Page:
If you’ve ever been confused by the tasting notes on a wine menu, you’re not alone.
Tasmanian vineyard owner Rebecca Duffy wanted people who visited her cellar door to learn more about the wine she was drinking and how it tasted on the notes advertised. I noticed that there is
“We were looking for something educational, yet self-guided, in addition to the Cellar Door experience,” she said.
So how do you demystify the somewhat alienating world of wine?
Duffy planted seeds in his garden.
“I created a sensory garden to represent the different aromas, flavors and textures found in wine,” she said.
“For example, we have strawberries, blueberries, raspberries, and rhubarb in our pinot garden.
“You can walk around the garden, taste different fruits and see how it translates into the different characteristics you see in the wine.”
Tamar Valley’s Holm Oak Vineyard gardens are divided into a variety of wines made on site: Riesling, Chardonnay, Pinot Noir, Cabernet, Shiraz, Sauvignon Blanc and Pinot Gris.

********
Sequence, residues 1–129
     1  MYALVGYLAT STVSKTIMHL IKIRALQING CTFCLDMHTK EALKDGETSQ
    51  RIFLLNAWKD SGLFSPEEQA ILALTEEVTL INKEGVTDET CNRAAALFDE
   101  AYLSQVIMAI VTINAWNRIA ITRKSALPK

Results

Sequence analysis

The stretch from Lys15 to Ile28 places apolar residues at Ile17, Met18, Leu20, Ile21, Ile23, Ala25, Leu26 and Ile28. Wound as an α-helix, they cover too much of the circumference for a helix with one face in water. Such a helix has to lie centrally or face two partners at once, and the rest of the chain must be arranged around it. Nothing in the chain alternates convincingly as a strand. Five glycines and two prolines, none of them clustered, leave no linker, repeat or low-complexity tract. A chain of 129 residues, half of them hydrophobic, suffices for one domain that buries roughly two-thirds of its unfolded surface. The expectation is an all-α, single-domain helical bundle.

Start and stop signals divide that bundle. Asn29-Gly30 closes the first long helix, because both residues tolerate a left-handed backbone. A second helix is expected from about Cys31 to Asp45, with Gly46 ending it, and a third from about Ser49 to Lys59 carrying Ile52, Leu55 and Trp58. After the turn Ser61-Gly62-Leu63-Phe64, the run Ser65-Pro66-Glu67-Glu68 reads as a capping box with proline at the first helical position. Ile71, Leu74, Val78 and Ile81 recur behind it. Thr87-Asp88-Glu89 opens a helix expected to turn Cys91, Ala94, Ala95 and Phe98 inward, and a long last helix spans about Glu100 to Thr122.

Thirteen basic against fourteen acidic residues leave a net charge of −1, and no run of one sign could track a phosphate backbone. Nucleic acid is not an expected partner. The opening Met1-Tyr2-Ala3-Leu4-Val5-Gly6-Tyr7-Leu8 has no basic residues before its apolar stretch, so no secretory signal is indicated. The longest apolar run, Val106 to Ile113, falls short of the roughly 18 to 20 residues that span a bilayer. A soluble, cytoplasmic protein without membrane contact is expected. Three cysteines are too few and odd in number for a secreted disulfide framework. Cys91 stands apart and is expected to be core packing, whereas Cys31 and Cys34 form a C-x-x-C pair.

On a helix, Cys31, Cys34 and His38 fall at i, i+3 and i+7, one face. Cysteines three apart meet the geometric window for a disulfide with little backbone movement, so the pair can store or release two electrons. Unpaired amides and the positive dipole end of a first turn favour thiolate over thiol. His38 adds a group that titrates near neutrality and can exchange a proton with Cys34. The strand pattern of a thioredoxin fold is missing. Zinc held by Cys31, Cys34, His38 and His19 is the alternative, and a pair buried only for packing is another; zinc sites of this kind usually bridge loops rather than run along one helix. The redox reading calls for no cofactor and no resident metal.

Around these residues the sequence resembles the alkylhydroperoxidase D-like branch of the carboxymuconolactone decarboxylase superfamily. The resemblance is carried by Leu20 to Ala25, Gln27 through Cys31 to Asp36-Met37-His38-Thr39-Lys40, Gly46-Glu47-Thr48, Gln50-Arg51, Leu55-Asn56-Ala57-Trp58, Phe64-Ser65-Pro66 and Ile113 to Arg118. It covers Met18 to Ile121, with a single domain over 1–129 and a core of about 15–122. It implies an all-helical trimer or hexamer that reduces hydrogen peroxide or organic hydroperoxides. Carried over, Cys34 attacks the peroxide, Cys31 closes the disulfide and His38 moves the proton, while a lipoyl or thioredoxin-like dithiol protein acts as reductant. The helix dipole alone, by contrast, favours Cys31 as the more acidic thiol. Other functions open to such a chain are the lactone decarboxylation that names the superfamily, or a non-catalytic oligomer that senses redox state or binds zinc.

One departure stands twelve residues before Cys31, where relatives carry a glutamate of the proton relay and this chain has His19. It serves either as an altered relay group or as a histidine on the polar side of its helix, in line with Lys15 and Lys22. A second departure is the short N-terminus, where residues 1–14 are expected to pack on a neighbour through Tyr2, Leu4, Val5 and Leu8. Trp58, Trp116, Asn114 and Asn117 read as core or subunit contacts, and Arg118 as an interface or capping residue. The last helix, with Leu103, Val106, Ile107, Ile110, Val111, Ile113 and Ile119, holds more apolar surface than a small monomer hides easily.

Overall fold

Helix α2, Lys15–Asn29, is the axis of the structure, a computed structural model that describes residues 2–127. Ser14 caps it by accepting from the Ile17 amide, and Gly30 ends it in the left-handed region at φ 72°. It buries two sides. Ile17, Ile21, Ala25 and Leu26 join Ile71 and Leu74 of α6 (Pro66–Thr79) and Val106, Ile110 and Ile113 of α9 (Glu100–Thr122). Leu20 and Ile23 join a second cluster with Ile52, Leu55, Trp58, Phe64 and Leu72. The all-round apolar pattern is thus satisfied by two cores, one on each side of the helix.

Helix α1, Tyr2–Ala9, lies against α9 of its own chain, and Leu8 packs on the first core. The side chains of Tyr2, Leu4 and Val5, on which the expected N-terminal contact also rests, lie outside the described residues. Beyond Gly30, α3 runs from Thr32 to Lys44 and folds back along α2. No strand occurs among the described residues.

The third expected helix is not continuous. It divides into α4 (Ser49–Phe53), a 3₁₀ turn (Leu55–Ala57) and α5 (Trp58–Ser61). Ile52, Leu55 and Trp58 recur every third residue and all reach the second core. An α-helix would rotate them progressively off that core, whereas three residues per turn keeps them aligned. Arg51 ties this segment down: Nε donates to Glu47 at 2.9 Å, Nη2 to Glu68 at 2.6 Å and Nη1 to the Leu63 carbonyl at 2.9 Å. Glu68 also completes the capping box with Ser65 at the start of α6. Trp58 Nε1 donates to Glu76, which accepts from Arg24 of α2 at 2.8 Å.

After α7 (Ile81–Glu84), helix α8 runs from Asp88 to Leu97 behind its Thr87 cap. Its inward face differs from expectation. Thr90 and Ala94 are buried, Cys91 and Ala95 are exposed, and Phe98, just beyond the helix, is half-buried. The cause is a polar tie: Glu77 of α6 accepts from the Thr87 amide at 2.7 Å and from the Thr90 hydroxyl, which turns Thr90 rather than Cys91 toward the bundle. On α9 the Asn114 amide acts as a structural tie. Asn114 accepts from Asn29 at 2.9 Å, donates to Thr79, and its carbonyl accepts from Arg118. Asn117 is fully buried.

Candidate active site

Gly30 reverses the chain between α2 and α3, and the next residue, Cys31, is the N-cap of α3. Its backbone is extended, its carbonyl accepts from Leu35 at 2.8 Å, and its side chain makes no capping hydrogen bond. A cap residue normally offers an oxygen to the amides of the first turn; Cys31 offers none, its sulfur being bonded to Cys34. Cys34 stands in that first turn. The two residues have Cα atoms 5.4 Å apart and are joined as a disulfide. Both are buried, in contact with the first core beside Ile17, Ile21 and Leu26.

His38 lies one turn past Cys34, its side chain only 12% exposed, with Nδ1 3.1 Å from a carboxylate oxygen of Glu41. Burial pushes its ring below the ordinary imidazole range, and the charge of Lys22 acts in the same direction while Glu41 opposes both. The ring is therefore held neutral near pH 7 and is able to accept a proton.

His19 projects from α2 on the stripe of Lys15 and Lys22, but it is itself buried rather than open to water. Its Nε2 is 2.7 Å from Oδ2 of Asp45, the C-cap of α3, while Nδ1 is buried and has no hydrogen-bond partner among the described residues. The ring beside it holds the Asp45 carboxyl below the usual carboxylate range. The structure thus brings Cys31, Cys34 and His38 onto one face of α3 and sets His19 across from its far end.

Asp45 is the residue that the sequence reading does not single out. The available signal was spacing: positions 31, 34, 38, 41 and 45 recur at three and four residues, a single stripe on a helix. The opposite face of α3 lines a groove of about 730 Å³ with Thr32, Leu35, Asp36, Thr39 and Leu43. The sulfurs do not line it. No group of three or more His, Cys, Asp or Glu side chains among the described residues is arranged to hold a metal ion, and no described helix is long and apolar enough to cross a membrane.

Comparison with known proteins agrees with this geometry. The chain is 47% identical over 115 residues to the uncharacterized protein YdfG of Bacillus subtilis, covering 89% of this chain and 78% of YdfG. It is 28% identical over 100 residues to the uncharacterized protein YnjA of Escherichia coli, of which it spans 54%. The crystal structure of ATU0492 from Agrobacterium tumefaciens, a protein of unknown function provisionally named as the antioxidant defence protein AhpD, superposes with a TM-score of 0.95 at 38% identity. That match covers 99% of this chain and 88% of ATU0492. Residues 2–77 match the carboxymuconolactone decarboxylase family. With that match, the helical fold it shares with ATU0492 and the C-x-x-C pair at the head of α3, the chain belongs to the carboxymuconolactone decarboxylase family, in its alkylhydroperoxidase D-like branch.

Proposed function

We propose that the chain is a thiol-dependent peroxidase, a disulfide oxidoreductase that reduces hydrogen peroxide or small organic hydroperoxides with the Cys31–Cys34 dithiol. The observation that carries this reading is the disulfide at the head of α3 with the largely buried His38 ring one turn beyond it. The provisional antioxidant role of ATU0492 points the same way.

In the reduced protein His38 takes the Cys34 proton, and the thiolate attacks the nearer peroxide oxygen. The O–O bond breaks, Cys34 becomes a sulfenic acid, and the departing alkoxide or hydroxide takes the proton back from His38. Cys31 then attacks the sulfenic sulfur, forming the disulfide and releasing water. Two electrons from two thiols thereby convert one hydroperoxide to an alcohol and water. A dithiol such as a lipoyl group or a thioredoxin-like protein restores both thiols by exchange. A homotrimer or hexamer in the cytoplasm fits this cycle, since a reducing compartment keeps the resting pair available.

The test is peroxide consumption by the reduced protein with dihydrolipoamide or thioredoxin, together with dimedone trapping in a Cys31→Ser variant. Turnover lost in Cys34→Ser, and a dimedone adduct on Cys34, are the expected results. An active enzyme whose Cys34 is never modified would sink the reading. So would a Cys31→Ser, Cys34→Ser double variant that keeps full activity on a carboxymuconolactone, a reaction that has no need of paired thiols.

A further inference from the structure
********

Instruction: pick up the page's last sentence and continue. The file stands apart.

Visitors can also touch the leaves in the Texture Garden and feel the impact of the plants on the wine.
“Bigger red wines give you a rougher texture, as opposed to the velvety texture you get with Chardonnay or sparkling,” Duffy said.
From California to Tasmania
Duffy won a state Rural Women’s Award in 2016 and used her scholarship to explore how cellar doors around the world are adding new experiences to their customers.
A similar project at a vineyard in California inspired her to start a garden that took eight years to establish.
“My husband likes to grow things and I like to build fish tanks and such, so the garden was a natural fit for us,” Duffy said.
“Agritourism is a big part of the Tasmanian tourism experience and this was a small gap in the market.”
a more careful drinker
Wine educator Carly Haslam Coates said the sensory garden-like experience helped consumers pay more attention to what they were drinking.
“Identifying specific notes in wine is not something people can do quickly,” she said.
“The more you smell things, taste them, and pay attention to your tasting, the easier it gets over time.”
Haslam-Coates said it’s important to ‘smell everything’.
“You can’t jump to conclusions right away, but by smelling the wine, you can tell what it tastes like, what it can be paired with, and what it’s made from,” she says. I got
“Always savor the first bite properly and swish it around your mouth because your brain stores it to help you remember what you did and didn’t like. .”